When someone asks “who created God?” his question is rooted in a misconception of what God is. They think we are worshiping a physical deity. My usual response to that question is to ask the questioner to draw me a four-sided triangle. The point is that the question assumed things about God that are not true. “Who created God?” implies that there was a time when God did not exist. It assumes that space and energy existed without God and before God’s existence. Those are incorrect physical assumptions. God created time, space, matter, and energy. The question is wrong, and so no answer satisfies, just as it is impossible to draw a four-sided triangle.
— John N. Clayton © 2019

Are Humans Animals?

Are humans animals like bears?People have sometimes called me to task for referring to humans as animals. The point is well taken that humans are unique, but humans are not plants, and they are not minerals. According to all basic elementary science books, there are three kingdoms – plants, animals, and minerals. Are humans animals? Yes, we are animals.

The problem we seem to have is that we don’t understand what makes humans different from bears, for example. In our correspondence courses, we have questions about what distinguishes a human from other forms of animal life. I find it interesting that the answers my students give are so poorly considered. Some will say that we think, but all animals think. Some say we have emotions, but all animals have emotions. Others will say we stand erect, but kangaroos, birds, and bears all stand erect. Still others say it’s our brain size, but whales have bigger brains than we do, and bears have very large brains.

I recently watched a National Geographic program on bears. The program emphasized that female bears in the wild that give birth to unhealthy or significantly deformed cubs will kill and eat them. AOL News on the web (August 18, 2019) carried a story about two Russian fishermen who rescued two bear cubs from drowning. The mother bear was swimming across a lake with two cubs on her back when she became tired and chilled. Her solution was to shake the two cubs off of her back, leaving them to drown while she continued her journey to the other side of the lake. These are behaviors that would be unlikely in a human mother. What is it that makes humans different? Why do human mothers continue to care for children with deformities or severe health issues? Why do human mothers usually show incredible resilience when their child is threatened?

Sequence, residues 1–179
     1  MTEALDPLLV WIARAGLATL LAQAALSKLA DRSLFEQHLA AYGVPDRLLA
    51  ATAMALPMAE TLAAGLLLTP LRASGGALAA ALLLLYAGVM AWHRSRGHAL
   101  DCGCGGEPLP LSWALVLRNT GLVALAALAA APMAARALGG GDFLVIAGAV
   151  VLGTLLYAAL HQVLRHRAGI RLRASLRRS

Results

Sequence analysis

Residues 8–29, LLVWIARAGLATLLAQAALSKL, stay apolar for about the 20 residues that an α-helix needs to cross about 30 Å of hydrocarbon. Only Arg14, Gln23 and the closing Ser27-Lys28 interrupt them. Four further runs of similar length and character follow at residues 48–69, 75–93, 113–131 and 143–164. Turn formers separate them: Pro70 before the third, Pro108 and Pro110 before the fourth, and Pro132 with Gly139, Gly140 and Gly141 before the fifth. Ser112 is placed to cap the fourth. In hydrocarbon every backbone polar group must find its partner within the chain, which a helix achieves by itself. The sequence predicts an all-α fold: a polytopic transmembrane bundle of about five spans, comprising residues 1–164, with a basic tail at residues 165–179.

When someone asks, “Are humans animals?” I reply, “Yes, but not JUST animals. Humans are not driven by “survival of the fittest.” There are characteristics of humans that cause us to care for those who are not “fit.” These human qualities also provide for an innate sense of the love of beauty in art or music or in a natural setting. What is it in humans that causes us to worship, to feel guilt, and to be sympathetic. What causes us to be driven by an “agape” type of love – self-sacrificing, nonsexual, and unrelated to our survival?

It isn’t any physical characteristic that makes humans special. Our spiritual makeup is the source of all those things that set humans apart from the rest of the animal kingdom. We are created in the image of God. That isn’t just an empty cliché. It is an observable difference between humans and the animal world around us. We can behave like bears if we choose, but bears cannot behave as humans.

Are humans animals? Yes, but not JUST animals. The word the Bible uses to describe the distinctive characteristic of humans is “soul.” It’s the part of us that never dies, and it separates us from all other forms of life.
— John N. Clayton © 2019

It IS Worth the Price!

It IS Worth the Price! Timothy Clayton
\We want to continue our thoughts from yesterday’s post. If you haven’t read it yet, you can click HERE. My point was that it IS worth the price to care for those who cannot take care of themselves. The example I used was my son Tim.

Some argue that it is a waste of money. They say that we should euthanize those who have “a low quality of life” or who are in prison for the rest of their lives. As I said before, from a Christian standpoint, that idea is repugnant. Christians do not view a human as “just another animal.” We believe that ALL humans are created in the image of God, and every life is infinitely valuable.

To add to the points we made yesterday, here are three more objections to the view of the euthanasia advocates:

1) All human lives can be productive. This is truer today in our world of technology than it ever was. Stephen Hawking did much of his work after he was unable to function physically. My son works in a shop that does jobs that require massive human time. Selecting phone parts and putting one of each in a cloth bag may not be a career you want to have, but Tim and his friends at the sheltered workshop thrive on it. Prisoners can train and rehabilitate dogs, cultivate the land and produce crops, do precision manual work, and write and compose amazing stories, music, and art. Prisons can be productive places with decent living conditions, and they can even be self-supporting. No human is worthless except those who choose to be.

2) No human is beyond the reach of the Holy Spirit. Our prison ministry has dealt with some hardened criminals who grew up in an environment that made them that way. Can they be changed? The answer is yes, and there are hundreds of cases to prove that. There is a book titled “The Meanest Man in Texas” that you might wish to read for an example. It is worth the price when you see people transformed by the Spirit.